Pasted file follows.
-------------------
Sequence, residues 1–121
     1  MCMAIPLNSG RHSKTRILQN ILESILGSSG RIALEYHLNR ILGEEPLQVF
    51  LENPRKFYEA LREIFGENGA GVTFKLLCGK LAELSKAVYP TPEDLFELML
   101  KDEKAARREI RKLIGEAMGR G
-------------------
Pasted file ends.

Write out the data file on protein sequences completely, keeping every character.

Sequence, residues 1–121
     1  MCMAIPLNSG RHSKTRILQN ILESILGSSG RIALEYHLNR ILGEEPLQVF
    51  LENPRKFYEA LREIFGENGA GVTFKLLCGK LAELSKAVYP TPEDLFELML
   101  KDEKAARREI RKLIGEAMGR G